The growth of BC’s economy has not benefited people equally in this province. Many British Columbians were feeling left behind and left out of the benefits of our prosperity well before COVID. Now, COVID has exacerbated existing inequalities in our society and increased the number of people facing economic insecurity.
As we rebuild, we can't afford to go back to our old patchwork of social supports that didn't meet the needs of people. We need to build a more resilient social safety net that lifts people up and doesn't leave anyone behind.
It's not only the most marginalized people in our communities who suffer from economic insecurity. We, like every other jurisdiction, have large multinational corporations operating here, paying less than livable wages while they hand out massive profits to shareholders abroad. That’s a problem and it contributes to the cycle of poverty in our province, even amongst those with full-time jobs. At the same time, we recognise that for many local businesses, significantly higher minimum wages may hurt their viability, particularly while we deal with COVID.
Our priority is to ensure that all British Columbians can enjoy income security and eliminate the inability to afford the necessities of life. We can begin this task by integrating the principles of a basic income - simplicity, economic security, and reduced stigma - into our social safety net. The programs we have right now perpetuate poverty, but it doesn’t have to be this way. The purpose of our social safety net should be to help people get out of poverty. To do that, people need certainty, security, and the ability to save and plan for their futures.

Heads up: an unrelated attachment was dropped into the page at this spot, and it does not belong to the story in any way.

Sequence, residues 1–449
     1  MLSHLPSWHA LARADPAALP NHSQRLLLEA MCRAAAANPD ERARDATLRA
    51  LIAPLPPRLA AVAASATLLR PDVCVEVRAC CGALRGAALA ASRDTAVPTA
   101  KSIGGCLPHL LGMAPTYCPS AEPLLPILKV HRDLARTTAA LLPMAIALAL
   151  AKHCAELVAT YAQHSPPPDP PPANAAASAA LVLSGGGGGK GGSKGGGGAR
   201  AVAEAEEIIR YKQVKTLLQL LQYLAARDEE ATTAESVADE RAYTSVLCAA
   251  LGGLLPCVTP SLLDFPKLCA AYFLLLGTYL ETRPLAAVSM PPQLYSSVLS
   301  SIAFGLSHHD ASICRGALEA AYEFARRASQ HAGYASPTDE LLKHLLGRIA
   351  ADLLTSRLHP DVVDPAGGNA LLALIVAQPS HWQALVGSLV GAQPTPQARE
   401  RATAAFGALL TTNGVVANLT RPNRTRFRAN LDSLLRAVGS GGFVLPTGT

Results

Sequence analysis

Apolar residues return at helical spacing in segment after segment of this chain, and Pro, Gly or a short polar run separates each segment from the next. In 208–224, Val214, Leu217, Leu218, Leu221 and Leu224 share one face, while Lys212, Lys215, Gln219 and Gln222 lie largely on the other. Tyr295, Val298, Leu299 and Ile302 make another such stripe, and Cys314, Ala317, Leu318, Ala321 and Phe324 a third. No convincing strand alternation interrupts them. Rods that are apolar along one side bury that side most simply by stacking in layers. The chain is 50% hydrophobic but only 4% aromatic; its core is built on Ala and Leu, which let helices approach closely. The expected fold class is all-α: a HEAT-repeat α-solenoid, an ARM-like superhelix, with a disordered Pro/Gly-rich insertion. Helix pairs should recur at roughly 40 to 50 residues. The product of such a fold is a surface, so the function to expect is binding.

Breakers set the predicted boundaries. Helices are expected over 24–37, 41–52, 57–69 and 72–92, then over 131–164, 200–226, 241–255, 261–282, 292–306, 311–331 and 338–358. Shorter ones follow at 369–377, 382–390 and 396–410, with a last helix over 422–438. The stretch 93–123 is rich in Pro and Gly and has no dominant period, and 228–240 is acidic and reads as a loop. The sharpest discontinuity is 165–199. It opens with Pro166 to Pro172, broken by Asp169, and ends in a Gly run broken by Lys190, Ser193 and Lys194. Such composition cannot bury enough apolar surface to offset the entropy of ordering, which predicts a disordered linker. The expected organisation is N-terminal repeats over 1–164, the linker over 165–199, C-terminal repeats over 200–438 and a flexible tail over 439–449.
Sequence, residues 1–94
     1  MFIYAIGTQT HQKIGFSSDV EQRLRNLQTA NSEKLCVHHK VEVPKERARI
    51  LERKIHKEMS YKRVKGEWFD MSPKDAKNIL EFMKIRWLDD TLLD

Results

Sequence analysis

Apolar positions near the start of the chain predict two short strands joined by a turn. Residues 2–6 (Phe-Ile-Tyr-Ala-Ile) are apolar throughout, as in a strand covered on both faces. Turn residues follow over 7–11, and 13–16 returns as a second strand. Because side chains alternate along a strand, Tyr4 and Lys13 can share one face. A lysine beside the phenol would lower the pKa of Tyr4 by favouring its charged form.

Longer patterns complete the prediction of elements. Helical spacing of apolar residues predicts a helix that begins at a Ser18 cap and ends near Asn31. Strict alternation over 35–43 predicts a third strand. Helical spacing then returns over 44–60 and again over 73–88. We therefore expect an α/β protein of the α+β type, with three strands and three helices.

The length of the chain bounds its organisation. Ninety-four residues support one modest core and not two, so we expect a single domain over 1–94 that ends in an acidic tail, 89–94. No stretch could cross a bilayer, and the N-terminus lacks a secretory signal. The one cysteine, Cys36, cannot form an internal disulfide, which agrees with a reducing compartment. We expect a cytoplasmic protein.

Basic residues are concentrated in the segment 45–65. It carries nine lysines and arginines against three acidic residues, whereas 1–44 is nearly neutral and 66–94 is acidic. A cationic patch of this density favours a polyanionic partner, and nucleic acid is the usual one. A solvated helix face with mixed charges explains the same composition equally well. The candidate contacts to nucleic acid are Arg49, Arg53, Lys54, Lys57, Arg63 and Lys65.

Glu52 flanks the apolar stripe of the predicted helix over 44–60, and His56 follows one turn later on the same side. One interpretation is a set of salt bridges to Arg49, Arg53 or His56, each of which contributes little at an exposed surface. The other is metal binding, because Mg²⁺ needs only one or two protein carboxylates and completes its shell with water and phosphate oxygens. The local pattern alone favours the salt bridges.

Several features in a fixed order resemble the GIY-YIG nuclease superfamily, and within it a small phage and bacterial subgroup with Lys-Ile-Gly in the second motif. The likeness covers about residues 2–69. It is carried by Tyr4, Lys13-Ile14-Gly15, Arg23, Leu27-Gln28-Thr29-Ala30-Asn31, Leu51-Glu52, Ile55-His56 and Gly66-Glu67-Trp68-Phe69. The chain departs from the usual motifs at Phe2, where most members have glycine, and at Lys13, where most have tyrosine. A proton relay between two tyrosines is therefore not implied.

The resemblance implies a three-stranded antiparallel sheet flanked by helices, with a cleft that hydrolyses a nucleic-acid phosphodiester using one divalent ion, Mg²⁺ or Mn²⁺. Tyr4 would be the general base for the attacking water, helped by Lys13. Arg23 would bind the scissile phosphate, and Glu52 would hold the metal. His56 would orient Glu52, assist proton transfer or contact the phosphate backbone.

The BC Greens' plan for Income security
- Increase income support levels, beginning with making the $300 crisis supplement permanent and indexing assistance to inflation;
- Eliminate the asset test;
- Reduce clawbacks on earned income to reduce the disincentive to work;
- Establish a 12-month period where those who qualify for income assistance can earn extra income without clawbacks.
- The task force will include representatives of the technology sector, business, workers, and economists.
- The task force will recommend ways to modernize our employment standards to adapt to the changing nature of work and technology, and assess jurisdiction and advise on strategies for working with the federal government to ensure that multinational companies are paying their fair share of taxes in BC.
- The terms of reference will include considering profit-sharing as a means to ensure businesses who are profitable are paying their workers a living wage, and that workers benefit from the profits that are too often only accrued at the top of an organization.